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This annual crop of pork a jocund professor once described as "a prodigious mass of heavy carburetted hydrogen gas and scrofula;" but the chemists of our day would more properly stigmatize it as a vast quantity of Luzic, Myristic, Palmitic, Margaric, and Stearic acids in combination with glycerine and fibre.

The acid obtained from the first fractionation had the melting point at 75 deg.-76 deg., indicating an acid either in carbon then stearic or palmitic acids. The acids obtained from the third fractionation had a melting point of 53 deg.-54 deg.

From the portion of the calcium salts insoluble in alcohol, a fatty acid was obtained with a melting point and composition almost identical with the melting point and composition of palmitic acid. The aqueous portion of the separation effected by water and ether was examined for the fatty acid. The lead salts of the fatty acids were digested with ether, which dissolved out the lead oleate.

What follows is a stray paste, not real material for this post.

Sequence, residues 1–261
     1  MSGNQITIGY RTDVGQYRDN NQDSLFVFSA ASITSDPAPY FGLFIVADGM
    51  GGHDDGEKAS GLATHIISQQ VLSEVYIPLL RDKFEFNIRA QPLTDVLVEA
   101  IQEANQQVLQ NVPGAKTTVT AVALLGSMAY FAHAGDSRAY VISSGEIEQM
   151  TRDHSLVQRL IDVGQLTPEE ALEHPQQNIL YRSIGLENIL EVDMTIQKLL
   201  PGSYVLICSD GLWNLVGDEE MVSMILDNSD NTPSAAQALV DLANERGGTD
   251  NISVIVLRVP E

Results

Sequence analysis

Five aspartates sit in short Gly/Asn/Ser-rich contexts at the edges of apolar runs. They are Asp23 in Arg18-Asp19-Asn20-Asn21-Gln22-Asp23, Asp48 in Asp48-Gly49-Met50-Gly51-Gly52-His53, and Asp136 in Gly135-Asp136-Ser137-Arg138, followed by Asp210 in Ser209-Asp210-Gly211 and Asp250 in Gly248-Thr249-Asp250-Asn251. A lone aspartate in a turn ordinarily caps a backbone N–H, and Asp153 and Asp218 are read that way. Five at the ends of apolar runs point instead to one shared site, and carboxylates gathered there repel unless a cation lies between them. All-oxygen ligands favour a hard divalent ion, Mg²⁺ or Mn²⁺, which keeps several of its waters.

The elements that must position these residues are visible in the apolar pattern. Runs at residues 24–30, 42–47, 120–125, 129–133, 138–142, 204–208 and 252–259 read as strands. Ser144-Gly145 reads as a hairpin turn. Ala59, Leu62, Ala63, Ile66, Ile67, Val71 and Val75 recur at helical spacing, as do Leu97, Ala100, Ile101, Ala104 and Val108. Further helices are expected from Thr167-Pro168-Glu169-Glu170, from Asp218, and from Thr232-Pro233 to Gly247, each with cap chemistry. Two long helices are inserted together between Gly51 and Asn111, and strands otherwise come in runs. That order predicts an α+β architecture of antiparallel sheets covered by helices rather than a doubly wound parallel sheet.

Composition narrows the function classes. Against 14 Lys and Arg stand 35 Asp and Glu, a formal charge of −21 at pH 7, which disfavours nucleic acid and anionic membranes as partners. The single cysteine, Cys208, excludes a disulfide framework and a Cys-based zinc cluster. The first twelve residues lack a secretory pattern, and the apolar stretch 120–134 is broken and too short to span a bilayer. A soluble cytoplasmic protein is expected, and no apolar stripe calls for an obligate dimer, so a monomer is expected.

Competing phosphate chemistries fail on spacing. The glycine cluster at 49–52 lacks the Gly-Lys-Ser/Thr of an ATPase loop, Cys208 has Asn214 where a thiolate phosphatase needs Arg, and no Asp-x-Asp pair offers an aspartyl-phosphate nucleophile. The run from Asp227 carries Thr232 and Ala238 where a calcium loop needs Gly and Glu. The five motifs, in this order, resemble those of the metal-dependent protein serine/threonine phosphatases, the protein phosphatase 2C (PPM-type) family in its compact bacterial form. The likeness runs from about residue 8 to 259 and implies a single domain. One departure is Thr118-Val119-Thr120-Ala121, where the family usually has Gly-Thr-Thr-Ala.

This amount of pure oleic acid would require 33.95 c.c.; of pure stearic acid, which has almost the same molecular weight as oleic acid, 33.71 c.c.; or of pure palmitic acid, 37.4 c.c. This, taken in conjunction with the way in which the acid melted, makes it extremely probable that it is a mixture of oleic and stearic acids.

In conclusion, I should say that but a small proportion of the fatty acids exist in the wool oil uncombined; that the proportion of oleic acid is small, and can only be obtained in an oxidized condition; that the main portion of the fatty acids is composed of stearic and palmitic acids in nearly equal proportions; that the existence of a fatty acid, containing a higher per cent. of carbon than those mentioned, is not fully established.

The conversion into soap is a very simple matter. As the fats are acids a mixture of palmitic, oleic, and stearic acids and not the glycerine salts of these acids, like ordinary fats, soap is made by causing them directly to unite with caustic soda.

C. This acid in composition and general properties was very similar to that obtained by freezing the naphtha solution of the oil, and is probably a mixture of stearic and palmitic acids. These acids, being in combination with the bases of the oil, would be set free only on saponifying the oil and subsequently decomposing with acid.

The first on examination proved to be a mixture of palmitic and stearic acids existing uncombined in the wool oil. The original wool oil was saponified by boiling with alcoholic potash. The soap formed was separated into two portions by shaking with ether and water.